Sightseeing in Japan: Amyx family did a Walking tour of Memorial Ship Mikasa

Sightseeing in Japan Me, James, my son, Aden, and my wife, Eriko toured the memorial.
Mikasa (三笠?) is a pre-Dreadnought battleship of the Imperial Japanese Navy, launched in Britain in 1900. She served as the flagship of Admiral Tōgō Heihachirō during the Battle of the Yellow Sea on 10 August 1904, and the Battle of Tsushima on 27 May 1905 during the Russo-Japanese War. The ship is preserved as a museum ship at Yokosuka. Mikasa is the last remaining example of a pre-dreadnought battleship anywhere in the world. She was named after Mount Mikasa in Nara, Japan.

Her main guns, grouped in armoured turrets in a central position, allowed for the rest of the ship to be evenly protected with the heavy Krupp protective steel plates. Thanks to this design, Mikasa was able to withstand a large number of direct hits: she received around twenty hits during the Battle of the Yellow Sea on 10 August 1904, and around thirty hits during the Battle of Tsushima, with only limited damage. The firepower and the longer range of the guns of Mikasa were also fully exploited by highly trained and effective Japanese gunners, who were equipped with state-of-the-art rangefinders provided by Barr and Stroud of Glasgow.[1]

At Tsushima, Mikasa led the combined Japanese fleet into one of the most decisive naval battles in history. The Russian fleet was almost completely annihilated: out of thirty eight Russian ships, twenty one were sunk, seven captured, six disarmed, 4,545 Russian servicemen died and 6,106 were taken prisoner. On the other hand, the Japanese only lost 116 men and three torpedo boats. But note that the Japanese navy was a highly professional organisation based upon the British Royal Navy; by contrast the Russian navy was ill prepared to fight and crewed largely by landsmen, not seamen. Admiral Togo, the ‘Japanese Nelson’, himself spent several years with the Royal Navy in Britain.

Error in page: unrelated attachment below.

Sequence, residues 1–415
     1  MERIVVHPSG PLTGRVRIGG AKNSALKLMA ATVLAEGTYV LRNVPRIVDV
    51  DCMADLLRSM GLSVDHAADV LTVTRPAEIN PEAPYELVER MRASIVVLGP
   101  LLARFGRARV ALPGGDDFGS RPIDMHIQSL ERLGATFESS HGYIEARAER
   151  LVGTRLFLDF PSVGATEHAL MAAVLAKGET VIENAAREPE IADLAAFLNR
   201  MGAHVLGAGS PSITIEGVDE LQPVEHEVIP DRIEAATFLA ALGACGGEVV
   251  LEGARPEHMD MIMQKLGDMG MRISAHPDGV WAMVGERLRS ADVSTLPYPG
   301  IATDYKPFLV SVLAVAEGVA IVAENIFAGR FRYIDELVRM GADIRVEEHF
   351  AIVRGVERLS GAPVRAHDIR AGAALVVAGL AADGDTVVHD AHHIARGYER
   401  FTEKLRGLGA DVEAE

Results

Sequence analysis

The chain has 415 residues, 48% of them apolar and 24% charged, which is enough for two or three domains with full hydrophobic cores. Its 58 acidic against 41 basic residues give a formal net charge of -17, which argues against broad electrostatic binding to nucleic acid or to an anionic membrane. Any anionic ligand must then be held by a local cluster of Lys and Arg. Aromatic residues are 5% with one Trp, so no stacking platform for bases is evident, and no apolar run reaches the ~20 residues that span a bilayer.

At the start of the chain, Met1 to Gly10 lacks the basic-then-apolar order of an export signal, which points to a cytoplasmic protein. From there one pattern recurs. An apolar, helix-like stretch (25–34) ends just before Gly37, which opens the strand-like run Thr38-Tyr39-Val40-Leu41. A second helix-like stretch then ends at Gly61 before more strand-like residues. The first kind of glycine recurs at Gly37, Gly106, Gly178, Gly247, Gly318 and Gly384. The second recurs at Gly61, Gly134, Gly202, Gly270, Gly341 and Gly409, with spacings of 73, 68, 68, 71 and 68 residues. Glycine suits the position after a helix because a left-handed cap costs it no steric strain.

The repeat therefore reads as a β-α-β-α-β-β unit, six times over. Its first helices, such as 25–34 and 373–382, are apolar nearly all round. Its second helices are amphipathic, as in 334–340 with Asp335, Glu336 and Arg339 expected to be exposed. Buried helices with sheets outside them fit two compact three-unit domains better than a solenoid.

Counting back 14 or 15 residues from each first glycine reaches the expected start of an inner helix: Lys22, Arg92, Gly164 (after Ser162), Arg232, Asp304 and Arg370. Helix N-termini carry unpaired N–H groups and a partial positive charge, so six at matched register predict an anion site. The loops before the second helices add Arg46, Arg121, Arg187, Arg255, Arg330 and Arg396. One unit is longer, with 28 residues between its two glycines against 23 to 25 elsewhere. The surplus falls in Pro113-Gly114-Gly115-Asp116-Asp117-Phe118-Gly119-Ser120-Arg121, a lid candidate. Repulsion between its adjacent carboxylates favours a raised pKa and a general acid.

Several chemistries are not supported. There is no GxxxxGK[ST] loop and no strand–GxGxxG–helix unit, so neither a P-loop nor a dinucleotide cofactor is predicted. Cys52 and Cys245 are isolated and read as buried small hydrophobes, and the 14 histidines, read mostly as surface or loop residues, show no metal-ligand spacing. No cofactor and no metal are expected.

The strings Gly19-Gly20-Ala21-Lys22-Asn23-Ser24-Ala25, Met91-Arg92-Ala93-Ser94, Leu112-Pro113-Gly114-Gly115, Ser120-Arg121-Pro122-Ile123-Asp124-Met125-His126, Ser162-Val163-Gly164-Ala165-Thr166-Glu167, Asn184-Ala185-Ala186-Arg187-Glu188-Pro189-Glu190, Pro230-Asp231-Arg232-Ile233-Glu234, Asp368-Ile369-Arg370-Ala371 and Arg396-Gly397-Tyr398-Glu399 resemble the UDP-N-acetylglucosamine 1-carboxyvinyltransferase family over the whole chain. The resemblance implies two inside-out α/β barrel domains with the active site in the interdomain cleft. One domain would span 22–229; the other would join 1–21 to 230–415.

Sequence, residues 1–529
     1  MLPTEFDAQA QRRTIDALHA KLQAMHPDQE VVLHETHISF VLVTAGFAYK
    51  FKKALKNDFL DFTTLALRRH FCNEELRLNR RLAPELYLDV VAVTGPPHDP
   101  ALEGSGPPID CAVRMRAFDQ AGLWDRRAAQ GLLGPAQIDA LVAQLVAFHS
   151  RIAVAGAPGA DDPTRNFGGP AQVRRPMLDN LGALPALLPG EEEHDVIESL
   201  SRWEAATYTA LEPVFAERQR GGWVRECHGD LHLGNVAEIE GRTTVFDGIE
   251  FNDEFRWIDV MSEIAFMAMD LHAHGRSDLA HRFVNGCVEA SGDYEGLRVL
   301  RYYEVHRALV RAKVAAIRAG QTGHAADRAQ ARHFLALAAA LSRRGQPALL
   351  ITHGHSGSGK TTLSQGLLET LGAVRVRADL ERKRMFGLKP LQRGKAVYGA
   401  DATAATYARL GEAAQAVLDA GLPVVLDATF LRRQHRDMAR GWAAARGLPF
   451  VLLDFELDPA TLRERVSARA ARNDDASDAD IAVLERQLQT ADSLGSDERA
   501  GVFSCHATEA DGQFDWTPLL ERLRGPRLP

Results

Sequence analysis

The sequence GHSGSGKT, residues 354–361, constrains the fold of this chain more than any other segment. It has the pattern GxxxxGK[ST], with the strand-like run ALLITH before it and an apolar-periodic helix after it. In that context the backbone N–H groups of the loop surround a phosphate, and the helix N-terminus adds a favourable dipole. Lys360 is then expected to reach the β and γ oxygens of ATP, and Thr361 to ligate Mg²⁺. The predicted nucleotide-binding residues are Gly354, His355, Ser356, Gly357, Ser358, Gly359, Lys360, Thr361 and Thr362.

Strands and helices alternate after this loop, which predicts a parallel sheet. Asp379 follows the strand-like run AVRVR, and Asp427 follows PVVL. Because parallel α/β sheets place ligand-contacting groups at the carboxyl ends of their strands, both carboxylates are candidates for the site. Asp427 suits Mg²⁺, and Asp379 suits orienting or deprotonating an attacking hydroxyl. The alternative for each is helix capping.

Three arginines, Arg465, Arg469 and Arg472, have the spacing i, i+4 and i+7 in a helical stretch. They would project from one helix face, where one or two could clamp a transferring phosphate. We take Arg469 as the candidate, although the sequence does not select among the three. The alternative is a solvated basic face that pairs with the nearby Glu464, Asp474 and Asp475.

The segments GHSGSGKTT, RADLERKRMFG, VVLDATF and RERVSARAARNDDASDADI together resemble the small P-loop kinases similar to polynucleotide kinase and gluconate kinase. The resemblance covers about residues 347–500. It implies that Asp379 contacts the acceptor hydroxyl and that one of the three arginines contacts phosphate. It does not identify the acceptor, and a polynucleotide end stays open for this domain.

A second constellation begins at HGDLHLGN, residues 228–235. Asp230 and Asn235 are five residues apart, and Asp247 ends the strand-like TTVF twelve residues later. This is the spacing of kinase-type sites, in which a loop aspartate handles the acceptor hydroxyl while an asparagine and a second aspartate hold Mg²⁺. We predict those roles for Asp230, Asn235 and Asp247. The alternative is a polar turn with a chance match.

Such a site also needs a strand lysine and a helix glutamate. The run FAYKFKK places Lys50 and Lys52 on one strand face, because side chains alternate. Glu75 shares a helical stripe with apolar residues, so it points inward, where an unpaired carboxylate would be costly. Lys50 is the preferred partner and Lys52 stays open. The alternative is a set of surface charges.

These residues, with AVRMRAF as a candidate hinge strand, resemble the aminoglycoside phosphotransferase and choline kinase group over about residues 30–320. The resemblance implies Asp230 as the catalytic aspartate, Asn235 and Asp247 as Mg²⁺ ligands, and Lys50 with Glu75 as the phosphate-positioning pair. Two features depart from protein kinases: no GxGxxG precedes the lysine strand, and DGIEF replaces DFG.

The performance of the Japanese fleet was observed and analysed by Western powers, and played an important role in the definition of the next generation of battleships (the Dreadnoughts), since the conflict “confirmed the greater efficiency of heavy guns and the importance of long-range gunfire.” (“The Battleship Dreadnought” Conway Marine).

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